Tolkien: The Forest and the City

The School of English, Trinity College Dublin, September 21-22, 2012 Keynote Address: Professor Tom Shippey (St Louis University, emeritus): ‘The Goths and the Romans in Tolkien’s Imagination’ Invited Lecturers:Professor Michael D. C. Drout (Wheaton College): ‘The Tower and the Ruin: The Past in Tolkien’Professor Verlyn Flieger (University of Maryland): ‘Seeing the Forest and the Trees: Sentient Landscape in Tolkien’s Fiction.’Professor Thomas Honegger (University of Jena): ‘”Raw Forest” and the “Cooked City” Lévi-Strauss in Middle-earth’Professor Alison Milbank (University of Nottingham): ‘In a Dark Wood: Tolkien and Dante’ Further details

Launch of new Sussex Centre journal Gramarye

Tuesday 29 May at 5.15pm in Cloisters, Bishop Otter Campus, University of Chichester. There will be readings by Steve O’Brien (Editor of the London Magazine, poet and Creative Writing Fellow at Chichester University) of new versions of British and Danish folktales. Prof. Bill Gray will also give a short talk about the history of the word gramarye. Entrance free. Copies of Gramarye on sale (£5).

'Visual Images in Literary Fairy Tales: in and behind the text', Larisa Prokhorava of Kemerovo State University, Russia

Monday 16 April 2012, 5.15pm-6:30pm, Mitre Lecture Theatre, Bishop Otter Campus, University of Chichester

Images of Witches: History, Fairy Tales, Films

Wednesday 21 March 2012, 5.15pm-6:30pm, Cloisters, Bishop Otter Campus, University of Chichester Willem de Blécourt is Honorary Research Fellow at the Huizinga Institute, Amsterdam, and author of Beyond the Witch Trials: Witchcraft and Magic in Enlightenment Europe, Witchcraft and Magic in Europe and Werewolves.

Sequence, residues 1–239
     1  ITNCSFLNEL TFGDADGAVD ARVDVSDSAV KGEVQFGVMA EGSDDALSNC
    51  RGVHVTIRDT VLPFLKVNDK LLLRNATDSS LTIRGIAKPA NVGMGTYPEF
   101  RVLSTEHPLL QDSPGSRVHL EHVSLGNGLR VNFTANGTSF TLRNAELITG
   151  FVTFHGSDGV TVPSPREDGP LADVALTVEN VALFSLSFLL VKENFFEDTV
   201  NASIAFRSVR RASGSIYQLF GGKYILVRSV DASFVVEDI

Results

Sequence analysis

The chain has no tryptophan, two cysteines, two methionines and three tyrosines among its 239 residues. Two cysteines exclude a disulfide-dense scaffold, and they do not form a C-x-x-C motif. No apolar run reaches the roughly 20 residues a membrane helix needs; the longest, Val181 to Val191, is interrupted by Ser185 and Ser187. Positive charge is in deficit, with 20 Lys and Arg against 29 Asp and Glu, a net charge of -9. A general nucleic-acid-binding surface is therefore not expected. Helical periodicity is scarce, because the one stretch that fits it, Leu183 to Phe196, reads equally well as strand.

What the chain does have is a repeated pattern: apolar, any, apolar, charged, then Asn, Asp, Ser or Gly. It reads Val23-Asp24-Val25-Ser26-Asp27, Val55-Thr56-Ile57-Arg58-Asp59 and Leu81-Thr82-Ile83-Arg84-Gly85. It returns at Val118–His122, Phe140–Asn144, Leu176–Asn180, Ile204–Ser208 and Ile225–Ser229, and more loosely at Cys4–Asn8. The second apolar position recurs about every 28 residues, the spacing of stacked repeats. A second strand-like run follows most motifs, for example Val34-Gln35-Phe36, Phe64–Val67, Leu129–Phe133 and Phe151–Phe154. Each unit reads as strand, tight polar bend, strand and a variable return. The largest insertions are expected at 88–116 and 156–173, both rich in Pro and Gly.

Folklore and Fantasy Conference

The Folklore Society and the Sussex Centre for Folklore, Fairy Tales and Fantasy are delighted to announce a joint conference on “Folklore and Fantasy” at the University of Chichester on Friday 13th to Sunday 15th April 2012. CALL FOR PAPERS Deadline 27 January 2012 Many folktales are closely related to the fantastic – through subject matter, content and impulse. Folklore often deals with the fantastic, or turns to the supernatural to provide explanations for extraordinary events. Similarly, folklore has long been a major source of inspiration for fantasy literature, from authors like Kevin Crossley-Holland and Angela Carter and graphic novelists like Neil Gaiman and Bill Willingham who take on and re-present traditional stories, to authors like Lloyd Alexander Susan Cooper, Kate Thompson who draw on established tropes, to authors such as J.R.R. Tolkien, Susanna Clarke and Terry Pratchett who invent their own folk traditions. This three-day conf will explore, investigate and celebrate the relationship between folklore and fantasy. We welcome papers on all aspects of folklore and fantasy from the medieval to the modern and the post-modern. Topics may include but are not limited to: